Thursday, September 11, 2008

O Magazine: Six Ways to Stop Dwelling on It

By Naomi Barr

Stop dwelling on it
It's 5 p.m., the deadline for an important work project is at 6, and
all you can think about is the fight you had with the next-door
neighbor this morning. You're dwelling, says Susan Nolen-Hoeksema, PhD,
a professor of psychology at Yale and author of Women Who Think Too Much.
"It's natural to look inward," she says, "but while most people pull
out when they've done it enough, an overthinker will stay in the loop."

Ruminating regularly often leads to depression. So if you're prone to
obsessing (and you know who you are), try these tactics to head off the
next full-tilt mental spin cycle…

Stop Obsessing

1. Distract Yourself

on music and dance, scrub the bathtub spotless, whatever engrosses
you—for at least 10 minutes. "That's about the minimum time
needed to break a cycle of thoughts," says Nolen-Hoeksema, who's been
studying rumination for more than 20 years. Or choose something to
focus on. "A friend told me that she once started counting the number
of times the speaker at her conference said 'like,'" Nolen-Hoeksema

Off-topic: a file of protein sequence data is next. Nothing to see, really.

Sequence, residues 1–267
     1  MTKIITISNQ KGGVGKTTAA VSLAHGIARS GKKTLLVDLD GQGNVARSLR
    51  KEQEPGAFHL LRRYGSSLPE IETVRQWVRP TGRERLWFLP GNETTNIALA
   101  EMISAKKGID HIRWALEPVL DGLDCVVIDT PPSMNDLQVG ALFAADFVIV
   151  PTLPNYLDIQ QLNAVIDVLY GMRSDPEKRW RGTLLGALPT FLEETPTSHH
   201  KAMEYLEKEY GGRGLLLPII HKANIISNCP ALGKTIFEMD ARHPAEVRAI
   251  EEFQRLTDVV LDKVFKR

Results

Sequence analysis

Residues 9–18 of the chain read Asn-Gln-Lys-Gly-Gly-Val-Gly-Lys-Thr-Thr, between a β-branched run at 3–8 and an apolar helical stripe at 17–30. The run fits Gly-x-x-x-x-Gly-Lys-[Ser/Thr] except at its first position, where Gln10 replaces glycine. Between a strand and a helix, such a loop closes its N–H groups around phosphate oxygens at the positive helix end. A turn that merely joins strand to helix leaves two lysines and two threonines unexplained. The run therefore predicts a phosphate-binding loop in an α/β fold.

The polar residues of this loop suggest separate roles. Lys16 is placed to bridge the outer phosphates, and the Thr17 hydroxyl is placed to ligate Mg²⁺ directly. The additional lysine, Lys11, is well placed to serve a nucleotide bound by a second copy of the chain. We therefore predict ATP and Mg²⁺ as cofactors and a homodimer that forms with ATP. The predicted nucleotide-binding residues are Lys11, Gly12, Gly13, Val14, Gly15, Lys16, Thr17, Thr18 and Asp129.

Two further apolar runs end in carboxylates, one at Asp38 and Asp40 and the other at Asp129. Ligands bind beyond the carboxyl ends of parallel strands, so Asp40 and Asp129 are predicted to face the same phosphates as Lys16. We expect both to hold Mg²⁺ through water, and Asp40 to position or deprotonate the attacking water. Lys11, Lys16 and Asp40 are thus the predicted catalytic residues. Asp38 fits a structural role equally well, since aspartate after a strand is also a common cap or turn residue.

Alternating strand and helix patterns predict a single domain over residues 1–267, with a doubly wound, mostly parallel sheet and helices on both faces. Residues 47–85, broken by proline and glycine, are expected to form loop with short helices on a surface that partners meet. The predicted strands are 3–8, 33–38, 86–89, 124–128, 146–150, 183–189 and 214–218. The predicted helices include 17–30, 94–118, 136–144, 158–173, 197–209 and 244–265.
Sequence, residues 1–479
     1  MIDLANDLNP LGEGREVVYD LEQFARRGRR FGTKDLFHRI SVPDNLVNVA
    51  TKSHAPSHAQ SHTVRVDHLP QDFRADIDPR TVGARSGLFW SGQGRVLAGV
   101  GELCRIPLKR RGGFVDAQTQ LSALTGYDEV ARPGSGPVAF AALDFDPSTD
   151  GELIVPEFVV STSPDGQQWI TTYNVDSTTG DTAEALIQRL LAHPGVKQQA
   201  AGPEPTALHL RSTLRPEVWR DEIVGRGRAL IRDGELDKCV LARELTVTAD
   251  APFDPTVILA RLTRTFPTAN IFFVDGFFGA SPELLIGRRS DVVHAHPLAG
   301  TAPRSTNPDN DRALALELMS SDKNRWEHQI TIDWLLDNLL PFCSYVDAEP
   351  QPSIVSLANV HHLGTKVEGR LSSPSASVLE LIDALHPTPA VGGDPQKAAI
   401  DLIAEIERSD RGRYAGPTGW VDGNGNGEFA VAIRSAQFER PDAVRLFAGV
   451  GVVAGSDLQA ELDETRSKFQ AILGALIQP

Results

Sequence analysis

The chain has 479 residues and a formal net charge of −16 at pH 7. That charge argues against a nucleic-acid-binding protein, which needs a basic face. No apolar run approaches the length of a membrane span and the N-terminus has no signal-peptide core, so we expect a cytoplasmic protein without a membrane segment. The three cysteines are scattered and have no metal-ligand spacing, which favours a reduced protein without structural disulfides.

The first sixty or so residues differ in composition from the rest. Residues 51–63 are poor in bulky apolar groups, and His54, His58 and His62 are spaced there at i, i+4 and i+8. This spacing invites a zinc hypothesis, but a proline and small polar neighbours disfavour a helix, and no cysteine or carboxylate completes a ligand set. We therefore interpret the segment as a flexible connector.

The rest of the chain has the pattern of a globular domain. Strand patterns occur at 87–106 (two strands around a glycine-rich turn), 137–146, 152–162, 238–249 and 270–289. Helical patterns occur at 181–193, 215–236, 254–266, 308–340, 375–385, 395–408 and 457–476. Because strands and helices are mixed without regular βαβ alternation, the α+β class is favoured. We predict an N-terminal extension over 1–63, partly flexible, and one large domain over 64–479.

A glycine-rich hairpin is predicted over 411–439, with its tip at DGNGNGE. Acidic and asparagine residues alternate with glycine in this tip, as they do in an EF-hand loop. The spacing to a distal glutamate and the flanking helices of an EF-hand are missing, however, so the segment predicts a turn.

recalls. "By the time he finished, she'd stopped ruminating."

2. Make a Date to Dwell

yourself you can obsess all you want from 6 p.m. to 7 p.m., but until
then, you're banned. "By 6 p.m., you'll probably be able to think
things through more clearly," says Nolen-Hoeksema.

3. Three Minutes of Mindfulness

one minute, eyes closed, acknowledge all the thoughts going through
your mind. For the next minute, just focus on your breathing. Spend the
last minute expanding your awareness from your breath to your entire
body. "Paying attention in this way gives you the room to see the
questions you're asking yourself with less urgency and to reconsider
them from a different perspective," says Zindel Segal, PhD, co-author
of The Mindful Way Through Depression.

4. The Best and Worst Scenarios

Ask yourself…

"What's the worst that could happen?" and "How would I cope?"
Visualizing yourself handling the most extreme outcome should alleviate
some anxiety, says Judith Beck, PhD, director of the Beck Institute for
Cognitive Therapy and Research in Bala Cynwyd, Pennsylvania. Then
consider the likelihood that the worst will actually occur.

Next, imagine the best possible outcome; by this point, you'll be in a
more positive frame of mind and better able to assess the situation
more realistically.

5. Call a Friend

Ask a friend or relative to be your point person when your thoughts start to speed out of control.

6. How to Move On

Say, "Oh, well."

Accept that you're human and make mistakes—and then move on, says
Dr. Beck. Be compassionate. It's harder than it sounds, so keep

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